Raleigh, N.C. — The U.S. Department of Agriculture has again criticized the state's health agency for what it says are serious problems with the implementation of North Carolina's new food stamps delivery system.
In the latest response in a months-long back and forth between the federal agency and the North Carolina Department of Health and Human Services, USDA administrators say the state is still at risk of losing federal funding for the food stamps program. If the state doesn't fix the massive backlog of cases, that could happen as soon as mid-March.
The USDA also questioned the state's claim that implementation of the Affordable Care Act was to blame for many of the difficulties.
"It should be noted that many other States have implemented ACA without the dramatic impacts on SNAP that have occurred in North Carolina," USDA Regional Administrator Robin Bailey wrote to DHHS Secretary Aldona Wos Thursday.
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Correspondence between N.C. DHHS Secretary Aldona Wos and the U.S. Department of Agriculture between Sept. 4 and Jan. 23 detail areas that required "urgent attention from the state."
In response to lawmakers at a legislative oversight committee last week, Wos expressed frustrations at what she said were serious challenges posed by the new health law.
"The deadlines have shifted and changed at the last minute because of the implementation of the ACA," Wos said.
As of Jan. 23, DHHS officials estimate more than 20,000 cases have been pending for 30 days or more.
That's an improvement over figures the department produced earlier in the month, which showed that as many as 30,000 cases continued to languish for weeks in the state's new social services delivery system, known as NC FAST.
Much of the reduction over the past month comes from the state's elimination of thousands of duplicate cases stuck in the system. DHHS officials have said some of these food stamps clients may have already received their benefits, although the system prevents people from getting paid more than once.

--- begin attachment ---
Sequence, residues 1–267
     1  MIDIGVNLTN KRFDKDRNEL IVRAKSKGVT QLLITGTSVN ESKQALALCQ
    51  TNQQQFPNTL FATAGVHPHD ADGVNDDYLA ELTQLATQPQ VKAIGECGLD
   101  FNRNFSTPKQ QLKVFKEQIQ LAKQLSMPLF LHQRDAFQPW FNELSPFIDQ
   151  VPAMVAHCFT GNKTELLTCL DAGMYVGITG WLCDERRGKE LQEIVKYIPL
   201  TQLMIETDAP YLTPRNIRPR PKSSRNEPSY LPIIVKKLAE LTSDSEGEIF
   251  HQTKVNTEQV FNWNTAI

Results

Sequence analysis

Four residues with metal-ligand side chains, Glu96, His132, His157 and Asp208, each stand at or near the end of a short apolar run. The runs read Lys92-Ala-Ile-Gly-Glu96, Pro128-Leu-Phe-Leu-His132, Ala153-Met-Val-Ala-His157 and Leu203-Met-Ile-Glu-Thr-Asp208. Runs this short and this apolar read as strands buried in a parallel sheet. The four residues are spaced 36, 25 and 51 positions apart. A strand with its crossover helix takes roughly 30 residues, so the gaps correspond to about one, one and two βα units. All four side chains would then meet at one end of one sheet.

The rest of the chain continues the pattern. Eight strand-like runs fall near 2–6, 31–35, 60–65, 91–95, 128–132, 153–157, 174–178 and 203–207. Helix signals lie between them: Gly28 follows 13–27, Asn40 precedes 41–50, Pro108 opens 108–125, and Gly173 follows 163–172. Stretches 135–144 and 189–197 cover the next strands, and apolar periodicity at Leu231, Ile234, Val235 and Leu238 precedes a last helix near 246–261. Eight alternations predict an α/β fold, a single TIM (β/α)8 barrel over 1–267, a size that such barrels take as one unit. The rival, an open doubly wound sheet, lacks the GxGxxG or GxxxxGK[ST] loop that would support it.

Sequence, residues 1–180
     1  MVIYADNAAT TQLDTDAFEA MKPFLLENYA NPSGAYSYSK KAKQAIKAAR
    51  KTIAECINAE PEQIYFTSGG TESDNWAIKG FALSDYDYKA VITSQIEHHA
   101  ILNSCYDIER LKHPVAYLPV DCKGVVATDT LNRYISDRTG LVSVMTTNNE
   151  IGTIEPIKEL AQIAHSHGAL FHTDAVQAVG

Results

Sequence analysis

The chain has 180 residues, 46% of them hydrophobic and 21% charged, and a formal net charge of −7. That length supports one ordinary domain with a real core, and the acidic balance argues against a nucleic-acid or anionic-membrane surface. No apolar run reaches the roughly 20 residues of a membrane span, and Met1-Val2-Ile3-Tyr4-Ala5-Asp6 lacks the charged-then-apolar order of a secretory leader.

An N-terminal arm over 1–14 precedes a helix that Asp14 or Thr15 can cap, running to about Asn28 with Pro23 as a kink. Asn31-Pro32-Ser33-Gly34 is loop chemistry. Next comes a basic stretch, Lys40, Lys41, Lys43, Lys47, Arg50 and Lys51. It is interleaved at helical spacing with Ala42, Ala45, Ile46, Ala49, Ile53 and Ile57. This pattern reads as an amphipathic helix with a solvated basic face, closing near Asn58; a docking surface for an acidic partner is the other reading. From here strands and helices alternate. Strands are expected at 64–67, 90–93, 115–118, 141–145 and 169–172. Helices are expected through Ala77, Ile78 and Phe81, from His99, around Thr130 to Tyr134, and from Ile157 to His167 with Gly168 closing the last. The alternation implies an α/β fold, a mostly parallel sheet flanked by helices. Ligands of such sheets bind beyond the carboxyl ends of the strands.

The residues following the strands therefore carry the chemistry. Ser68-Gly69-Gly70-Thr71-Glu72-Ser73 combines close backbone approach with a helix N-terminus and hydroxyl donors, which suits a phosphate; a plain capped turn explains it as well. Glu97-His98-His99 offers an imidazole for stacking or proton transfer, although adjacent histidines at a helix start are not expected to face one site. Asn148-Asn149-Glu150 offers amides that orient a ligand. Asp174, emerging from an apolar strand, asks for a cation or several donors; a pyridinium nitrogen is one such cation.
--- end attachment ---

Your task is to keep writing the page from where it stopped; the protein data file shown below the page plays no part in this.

The department has so far identified and removed 9,500 redundant cases from the NC FAST system.
Data issued by the N.C. Department of Health and Human Services shows the wait times for food stamp applications and recertifications in North Carolina.
But those eliminations reduce the backlog to about where it stood Nov. 18, when more than 22,000 cases had been waiting more than 30 days.
It was that mid-November data that prompted the USDA to warn it could soon suspend federal funding for the administration of the state's food stamp program.
But in its latest letter, which DHHS officials released at 4:47 p.m. Friday, the federal agency says the state hasn't demonstrated much progress toward improving "actual service to households" and pointed to department figures that show more than 8,000 households have been waiting for more than three months for benefits.
"FNS is alarmed by the persistent problems despite our extensive technical assistance and repeated communications concerning the severity of the situation," Bailey wrote. "Citizens of North Carolina that need help putting food on the table are not receiving the basic level or responsiveness and quality of service that they deserve from their government."
By Feb. 10, federal officials said they expect to see "significant corrective action" toward reducing the food stamp backlog, which includes completing all backlogged applications that have been pending more than three months.
DHHS officials, who have submitted plans to the USDA to bring the state's food stamps program into compliance by March 31, pointed out in a news release Friday that they've have taken measures to address the problems.
"We strongly disagree with the federal government's threat to withhold Food and Nutrition Service (FNS) administrative funds, which could adversely impact counties' abilities to assist families in need. However, we are encouraged by positive conversations between Governor McCrory, Secretary Wos and the U.S. Agriculture Secretary (Tom) Vilsack that resulted in a verbal agreement of our plan to clear up outstanding FNS applications and recertifications," said Sherry Bradsher, DHHS deputy secretary for human services. "We will continue working closely with our partners in county government to solve this problem."